“In the distance, you see a looming figure emerge from the sandstorm: a minotaur, easily ten feet tall, riding atop a monstrous black rhino. He’s charging right at you.”
It was finally happening. What started as a simple whodunit mystery intended only to span a few sessions quickly grew into a conflict that took almost a year to resolve, and now, at long last, the players were face to face with the Big Bad I had been teasing for months. I brought the lights down, turned up the music, and let loose the gravelly roar I had been practicing for weeks:
“I am Woebringer, master of a thousand beasts! I will tear the armor from your flesh, and hang it as a trophy in my halls… and your weapons, I will give to my slaves!”
I’ve been playing Dungeons and Dragons in earnest for ten years; starting in high school and trying to convince literally every friend group I’ve orbited into to play ever since. However despite my enthusiasm, not everyone I know is as gung-ho to play as I am. It took a while to find enough people to play with at Ellation; my team members didn’t have much interest, so I reached out to other branches of the company, until finally we had six players. Now I was meeting people from all over the company, people who I would otherwise have never gotten to know.
We had players of all skill levels, some who provided me with five page backstories about their character upon the first session, some who were modeled after pop culture figures, and some who didn’t have much more definition than a name. But it wasn’t the sorcerers and druids in our party that made our game so magical.
To me, D&D isn’t just about slaying dragons and solving riddles, it’s about creating a world together, and exploring facets of yourself in a collaborative space. Characters are intrinsically a reflection of oneself; be they an exaggerated self-caricature, or a completely original character, they are the avatars we choose to step into another world as. As GM, it was true for me as well; the world was a reflection of myself, and I was letting the players in.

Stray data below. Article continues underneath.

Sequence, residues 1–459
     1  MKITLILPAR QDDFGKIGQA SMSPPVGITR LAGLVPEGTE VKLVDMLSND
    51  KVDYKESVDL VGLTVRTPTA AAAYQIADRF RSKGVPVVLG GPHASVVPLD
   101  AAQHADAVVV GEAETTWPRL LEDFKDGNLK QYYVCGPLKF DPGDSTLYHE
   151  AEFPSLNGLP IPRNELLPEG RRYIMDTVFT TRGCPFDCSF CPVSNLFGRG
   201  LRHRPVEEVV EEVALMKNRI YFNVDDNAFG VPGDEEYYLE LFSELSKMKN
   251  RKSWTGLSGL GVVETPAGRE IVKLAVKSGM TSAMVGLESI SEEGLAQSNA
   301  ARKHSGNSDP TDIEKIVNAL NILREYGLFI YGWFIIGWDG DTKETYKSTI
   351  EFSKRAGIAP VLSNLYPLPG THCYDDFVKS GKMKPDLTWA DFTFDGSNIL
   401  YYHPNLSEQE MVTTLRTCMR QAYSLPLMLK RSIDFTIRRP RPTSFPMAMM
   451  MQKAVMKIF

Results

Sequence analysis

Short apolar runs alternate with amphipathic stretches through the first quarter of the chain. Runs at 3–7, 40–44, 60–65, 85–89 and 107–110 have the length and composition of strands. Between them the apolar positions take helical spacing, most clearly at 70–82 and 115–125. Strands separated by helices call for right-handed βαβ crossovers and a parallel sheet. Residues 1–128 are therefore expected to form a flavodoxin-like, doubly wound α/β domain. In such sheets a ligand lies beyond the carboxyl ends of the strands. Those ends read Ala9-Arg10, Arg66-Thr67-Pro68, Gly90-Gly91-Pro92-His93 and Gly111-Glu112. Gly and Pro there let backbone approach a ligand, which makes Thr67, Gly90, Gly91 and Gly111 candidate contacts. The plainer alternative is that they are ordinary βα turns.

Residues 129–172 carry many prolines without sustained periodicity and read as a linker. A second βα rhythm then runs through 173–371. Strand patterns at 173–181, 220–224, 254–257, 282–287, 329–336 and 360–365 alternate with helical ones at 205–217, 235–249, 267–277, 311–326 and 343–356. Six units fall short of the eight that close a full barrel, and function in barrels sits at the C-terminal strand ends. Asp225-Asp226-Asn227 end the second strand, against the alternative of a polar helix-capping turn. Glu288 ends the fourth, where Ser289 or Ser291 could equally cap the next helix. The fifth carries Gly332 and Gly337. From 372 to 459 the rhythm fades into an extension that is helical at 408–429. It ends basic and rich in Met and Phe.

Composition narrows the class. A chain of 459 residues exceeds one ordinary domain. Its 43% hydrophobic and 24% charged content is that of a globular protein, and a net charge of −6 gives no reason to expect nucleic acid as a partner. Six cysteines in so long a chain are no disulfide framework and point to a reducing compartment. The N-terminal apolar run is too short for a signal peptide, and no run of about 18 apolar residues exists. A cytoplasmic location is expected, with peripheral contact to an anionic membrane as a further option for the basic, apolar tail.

When most people imagine the tabletop fantasy, I think they think of Lord of the Rings, but the reality is so much better than that. The randomness of the dice and improvisational nature of the game create awkward moments and clumsy characters; it forces you to be more creative because not everything goes as cleanly as you would expect. Nothing goes according to plan, making for a truly authentic experience.
So after months of preamble, and weeks of prep, I shut my eyes and let loose that roar, and when I finally looked up to see the reaction, the players were cheering, just as invested as I was in the story we were creating together. And a month or so later, they surprised me with memory of their favorite session:
If you’ve never played a tabletop role playing game before, I heartily encourage you to try it at least once. It’s because of these games that I’ve made lifelong friends with whom I share meaningful memories of adventures past. Together we’ve created epic stories that are better than any Marvel movie, a secret mythology for us to treasure.
So close your eyes and roar. You never know what might happen.
Sam Wolfe is an Ellation employee. The D&D group still plays in the office after work on Mondays every week. The header image for this post is a piece of fanart of the character Woebringer by Yutaka Toguchi. You can find Toguchi’s other artwork here.